The employee has not previously experienced a recorded injury or illness of the same type that affects the same part of the body,
The employee previously experienced a recorded injury or illness of the same type that affected the same part of the body but had recovered completely (all signs and symptoms had disappeared) from the previous injury or illness and an event or exposure in the work environment caused the signs or symptoms to reappear.
No, for occupational illnesses where the signs or symptoms may recur or continue in the absence of an exposure in the workplace, the case must only be recorded once. Examples may include occupational cancer, asbestosis, byssinosis and silicosis.
Yes, because the episode or recurrence was caused by an event or exposure in the workplace, the incident must be treated as a new case.
You are not required to seek the advice of a physician or other licensed health care professional. However, if you do seek such advice, you must follow the physician or other licensed health care professional's recommendation about whether the case is a new case or a recurrence. If you receive recommendations from two or more physicians or other licensed health care professionals, you must make a decision as to which recommendation is the most authoritative (best documented, best reasoned, or most authoritative), and record the case based upon that recommendation.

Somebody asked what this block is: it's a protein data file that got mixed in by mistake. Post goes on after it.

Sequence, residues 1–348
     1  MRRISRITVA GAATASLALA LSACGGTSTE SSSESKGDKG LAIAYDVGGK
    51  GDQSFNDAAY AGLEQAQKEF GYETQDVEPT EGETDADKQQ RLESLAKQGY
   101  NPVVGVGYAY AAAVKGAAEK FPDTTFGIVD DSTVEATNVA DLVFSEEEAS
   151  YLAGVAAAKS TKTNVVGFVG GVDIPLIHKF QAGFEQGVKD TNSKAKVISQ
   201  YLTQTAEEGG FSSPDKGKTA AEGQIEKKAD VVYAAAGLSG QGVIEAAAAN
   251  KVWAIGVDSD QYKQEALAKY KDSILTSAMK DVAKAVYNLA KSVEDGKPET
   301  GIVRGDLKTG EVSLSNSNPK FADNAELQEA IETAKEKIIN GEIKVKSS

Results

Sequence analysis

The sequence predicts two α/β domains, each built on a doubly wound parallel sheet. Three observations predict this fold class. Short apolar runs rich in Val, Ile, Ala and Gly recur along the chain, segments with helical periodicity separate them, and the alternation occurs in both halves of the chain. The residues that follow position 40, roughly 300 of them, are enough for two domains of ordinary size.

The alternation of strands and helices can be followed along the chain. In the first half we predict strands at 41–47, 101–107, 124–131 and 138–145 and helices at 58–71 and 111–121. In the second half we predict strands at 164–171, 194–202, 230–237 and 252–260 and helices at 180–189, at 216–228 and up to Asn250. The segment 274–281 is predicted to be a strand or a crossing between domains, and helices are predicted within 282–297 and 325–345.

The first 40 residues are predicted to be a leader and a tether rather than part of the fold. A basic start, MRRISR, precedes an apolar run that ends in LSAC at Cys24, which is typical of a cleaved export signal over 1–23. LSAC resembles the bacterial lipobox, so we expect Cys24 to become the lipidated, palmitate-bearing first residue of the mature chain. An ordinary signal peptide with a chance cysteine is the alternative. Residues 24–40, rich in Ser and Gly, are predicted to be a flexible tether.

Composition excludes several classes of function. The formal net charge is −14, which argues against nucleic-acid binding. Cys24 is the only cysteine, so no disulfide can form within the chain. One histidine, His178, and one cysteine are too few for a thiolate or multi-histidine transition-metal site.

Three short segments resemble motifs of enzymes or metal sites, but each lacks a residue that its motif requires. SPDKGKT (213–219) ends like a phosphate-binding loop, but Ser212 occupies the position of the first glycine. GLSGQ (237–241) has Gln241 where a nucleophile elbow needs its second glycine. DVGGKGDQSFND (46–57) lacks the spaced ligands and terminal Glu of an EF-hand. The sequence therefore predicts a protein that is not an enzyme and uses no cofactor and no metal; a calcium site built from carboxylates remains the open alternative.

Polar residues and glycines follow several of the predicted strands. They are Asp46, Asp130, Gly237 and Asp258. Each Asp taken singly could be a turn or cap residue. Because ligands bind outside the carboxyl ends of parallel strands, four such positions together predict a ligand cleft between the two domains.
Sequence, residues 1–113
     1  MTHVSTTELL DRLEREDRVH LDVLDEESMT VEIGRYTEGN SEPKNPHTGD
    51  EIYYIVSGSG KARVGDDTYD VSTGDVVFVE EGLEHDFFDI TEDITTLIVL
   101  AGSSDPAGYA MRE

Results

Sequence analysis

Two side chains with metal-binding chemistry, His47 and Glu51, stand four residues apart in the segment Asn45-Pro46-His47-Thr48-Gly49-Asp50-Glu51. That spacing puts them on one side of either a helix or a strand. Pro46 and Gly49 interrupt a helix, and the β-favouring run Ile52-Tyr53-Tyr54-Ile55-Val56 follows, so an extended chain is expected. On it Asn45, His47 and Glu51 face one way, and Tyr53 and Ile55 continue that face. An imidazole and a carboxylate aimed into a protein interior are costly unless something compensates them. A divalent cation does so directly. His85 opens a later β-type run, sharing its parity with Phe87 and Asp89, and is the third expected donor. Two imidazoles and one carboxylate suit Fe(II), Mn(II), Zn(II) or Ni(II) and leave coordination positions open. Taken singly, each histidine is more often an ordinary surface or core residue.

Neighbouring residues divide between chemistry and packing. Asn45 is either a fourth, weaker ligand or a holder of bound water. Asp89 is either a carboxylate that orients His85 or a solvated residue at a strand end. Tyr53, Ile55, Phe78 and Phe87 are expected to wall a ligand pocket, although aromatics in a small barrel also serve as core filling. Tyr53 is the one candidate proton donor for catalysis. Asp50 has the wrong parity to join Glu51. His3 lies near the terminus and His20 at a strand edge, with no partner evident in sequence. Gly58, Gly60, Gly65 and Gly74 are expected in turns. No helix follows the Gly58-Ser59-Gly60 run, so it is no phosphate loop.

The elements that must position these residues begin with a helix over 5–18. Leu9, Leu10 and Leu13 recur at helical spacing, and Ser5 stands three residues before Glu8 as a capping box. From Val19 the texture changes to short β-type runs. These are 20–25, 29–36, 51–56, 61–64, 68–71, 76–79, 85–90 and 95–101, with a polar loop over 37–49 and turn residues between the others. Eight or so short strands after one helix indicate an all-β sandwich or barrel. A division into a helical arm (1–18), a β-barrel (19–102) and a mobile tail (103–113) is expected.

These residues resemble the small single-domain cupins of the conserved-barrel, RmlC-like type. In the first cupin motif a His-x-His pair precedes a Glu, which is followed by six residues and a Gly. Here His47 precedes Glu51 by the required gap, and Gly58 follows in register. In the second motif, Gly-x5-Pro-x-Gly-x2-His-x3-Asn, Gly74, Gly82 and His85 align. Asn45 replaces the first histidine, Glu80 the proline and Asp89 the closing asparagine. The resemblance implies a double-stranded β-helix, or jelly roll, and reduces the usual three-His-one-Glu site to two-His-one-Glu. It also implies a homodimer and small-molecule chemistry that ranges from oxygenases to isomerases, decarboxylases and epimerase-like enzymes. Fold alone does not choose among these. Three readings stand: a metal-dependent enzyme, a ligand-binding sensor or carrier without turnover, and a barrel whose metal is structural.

An employee has "recovered completely" from a previous injury or illness, for purposes of recoding injuries or illnesses, when he or she is fully healed or cured. The supervisor must use his/her best judgment based on factors such as the passage of time since the symptoms last occurred and the physical appearance of the affected part of the body. If the signs and symptoms of a previous injury disappear for a day only to reappear the following day, that is strong evidence the injury has not properly healed. The supervisor may, but is not required to, consult a physician or other licensed health care provider (PLHCP). When the supervisor does consult a PLHCP to determine whether an employee has recovered completely from a prior injury or illness, it must follow the PLHCP's recommendation. In the event the supervisor receives recommendations from two or more PLHCPs, the supervisor may decide which recommendation is the most authoritative and record the case based on that recommendation.